It all started on my 29th birthday. In the weeks leading up to it, I had been stressing about turning 29, because it meant I would be that much closer to 30. For some reason, I was dreading my 30s, because that’s when I thought I would finally need to “settle down” (and I can’t seem to figure out where I want to live long term or map out any kind of five-year plan). Instead of traveling the world in the last year of my 20s, I decided to embrace minimalism, put myself on a year-long shopping ban, try to live on 50% of my income and potentially have the most frugal year of my life.
How did I switch my mindset so quickly and come to those decisions? I wish I had a good answer. I wish I could say there was a catalyst moment in my life that forced me to see that minimalism and a shopping ban were the answers to my problems. Instead, it was a lot of little things that I’d been thinking about for months. First, I was mad at myself for never being able to save more than 10%-20% of my income, even though I “wanted” to. Second, I finally acknowledged that I’d let lifestyle inflation creep in after becoming debt-free, and realized nothing I’d been spending money on was bringing me joy. And finally, after searching for and not being able to find the most basic item in my kitchen (a can opener), it became clear that my home was full of stuff I never used, but was still buying/holding onto for one reason or another. I was consuming for the sake of consuming; it was mindless spending and it had to stop.
Even as I was typing up the rules for the shopping ban, I kept thinking, This is crazy! What am I doing!? I can’t do this! But the fear was outweighed by my gut instinct, which told me I had no choice but to accept this challenge and change my spending habits.
The rules for the shopping ban were fairly simple. I was allowed to shop for necessities, such as groceries, toiletries, basic cosmetics (like eyeliner and mascara, but only after I ran out), cleaning supplies, gifts for others, and a few items I identified before I started. On the approved shopping list, as I called it, was a new bed (to finally replace my 13-year-old bed) and a few items of clothing, which I could see would need to be purchased or replaced while I was decluttering. I was NOT allowed to shop for things like clothes, shoes, accessories, nail polish, books/magazines, notebooks, candles, household items, home decor, or electronics. I also added takeout coffee to the list of things I was not allowed to purchase. I’ve been drinking coffee for 15 years and, by the time I started the ban, I was buying $5 lattes at least four or five days/week ($80-$100/month).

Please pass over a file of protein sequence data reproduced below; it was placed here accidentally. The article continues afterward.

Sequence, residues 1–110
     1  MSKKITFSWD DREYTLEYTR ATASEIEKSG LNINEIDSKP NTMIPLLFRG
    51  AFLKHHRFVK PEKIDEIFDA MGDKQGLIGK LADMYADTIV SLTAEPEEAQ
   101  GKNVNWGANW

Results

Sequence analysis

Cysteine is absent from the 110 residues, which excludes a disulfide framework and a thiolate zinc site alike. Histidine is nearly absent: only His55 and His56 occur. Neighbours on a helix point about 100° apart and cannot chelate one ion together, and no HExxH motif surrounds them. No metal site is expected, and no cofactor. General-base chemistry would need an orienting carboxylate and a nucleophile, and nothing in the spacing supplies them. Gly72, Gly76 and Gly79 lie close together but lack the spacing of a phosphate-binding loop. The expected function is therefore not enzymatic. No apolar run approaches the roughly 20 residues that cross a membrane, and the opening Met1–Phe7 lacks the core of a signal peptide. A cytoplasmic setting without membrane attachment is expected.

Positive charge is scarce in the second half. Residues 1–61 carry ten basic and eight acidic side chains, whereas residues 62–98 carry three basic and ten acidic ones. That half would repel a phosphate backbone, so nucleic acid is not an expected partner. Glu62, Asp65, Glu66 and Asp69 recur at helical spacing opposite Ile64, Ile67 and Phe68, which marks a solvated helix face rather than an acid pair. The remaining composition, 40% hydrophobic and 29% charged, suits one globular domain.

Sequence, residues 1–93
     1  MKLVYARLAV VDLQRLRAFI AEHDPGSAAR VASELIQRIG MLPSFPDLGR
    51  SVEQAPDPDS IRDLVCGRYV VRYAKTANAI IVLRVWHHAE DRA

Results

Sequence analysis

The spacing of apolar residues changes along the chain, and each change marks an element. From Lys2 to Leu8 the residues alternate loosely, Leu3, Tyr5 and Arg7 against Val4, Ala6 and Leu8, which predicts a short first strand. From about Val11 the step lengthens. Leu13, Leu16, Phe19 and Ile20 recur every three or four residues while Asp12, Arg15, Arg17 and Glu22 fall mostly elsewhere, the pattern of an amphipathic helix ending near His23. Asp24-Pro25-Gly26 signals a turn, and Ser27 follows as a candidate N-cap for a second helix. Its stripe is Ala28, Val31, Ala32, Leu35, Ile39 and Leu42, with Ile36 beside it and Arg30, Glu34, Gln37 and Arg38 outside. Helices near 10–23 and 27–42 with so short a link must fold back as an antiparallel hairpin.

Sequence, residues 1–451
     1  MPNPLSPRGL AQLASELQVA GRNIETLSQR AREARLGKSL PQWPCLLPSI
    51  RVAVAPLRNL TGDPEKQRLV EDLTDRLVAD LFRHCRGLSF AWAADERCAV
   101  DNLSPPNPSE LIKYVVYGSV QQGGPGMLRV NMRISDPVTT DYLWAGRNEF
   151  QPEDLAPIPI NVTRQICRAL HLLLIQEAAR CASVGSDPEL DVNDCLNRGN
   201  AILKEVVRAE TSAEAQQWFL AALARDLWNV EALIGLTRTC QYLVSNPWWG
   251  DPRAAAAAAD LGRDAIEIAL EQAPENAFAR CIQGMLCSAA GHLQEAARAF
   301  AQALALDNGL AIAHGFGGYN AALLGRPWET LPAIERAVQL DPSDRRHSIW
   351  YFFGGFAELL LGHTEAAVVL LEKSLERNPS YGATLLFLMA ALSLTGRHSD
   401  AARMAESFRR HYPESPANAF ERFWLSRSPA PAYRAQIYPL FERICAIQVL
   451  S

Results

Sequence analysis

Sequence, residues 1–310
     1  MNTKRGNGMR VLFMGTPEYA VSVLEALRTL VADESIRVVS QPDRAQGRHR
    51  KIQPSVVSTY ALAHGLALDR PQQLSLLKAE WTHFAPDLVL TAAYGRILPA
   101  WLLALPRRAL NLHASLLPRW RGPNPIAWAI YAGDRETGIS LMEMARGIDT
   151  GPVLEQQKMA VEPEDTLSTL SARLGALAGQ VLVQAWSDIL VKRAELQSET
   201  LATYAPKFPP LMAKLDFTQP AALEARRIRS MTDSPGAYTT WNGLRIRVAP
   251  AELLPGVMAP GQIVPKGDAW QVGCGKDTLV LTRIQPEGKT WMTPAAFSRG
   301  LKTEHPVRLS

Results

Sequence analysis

In July, I started my new minimalist lifestyle off by doing a massive declutter and purge of my belongings. Room by room, I opened up every closet, cupboard, drawer and box in my home, emptied them and only put back items that were used often or truly cherished — and I was pretty ruthless. I got rid of 55% of my wardrobe, 35% of my books and 47% of my office supplies, 58% of my home decor/household objects, 41% of my toiletries/linens, and 25% of my kitchen supplies, for a grand total of 43% of my belongings. I kept a detailed inventory of everything I kept, then tracked the number of items I got rid of and decided I wanted to aim for 250. By July 28, I had bagged up and donated 377 of the 904 items that were originally in my home, and I felt so much lighter!
Of course, in contrast to that, there is no denying that the first month of my shopping ban was the toughest. It wasn’t that I missed shopping, per se. I did constantly have to face my book-buying addiction and tell the inner voice that told me I should buy whatever I wanted to shush up. But other than that, I didn’t miss shopping at all. Actually, while it might’ve seemed counterintuitive to get rid of so much stuff at the same time I was on a shopping ban, the greatest lesson I took from my declutter/purge is that I had wasted so much money on “stuff” before, and I didn’t want to do that again.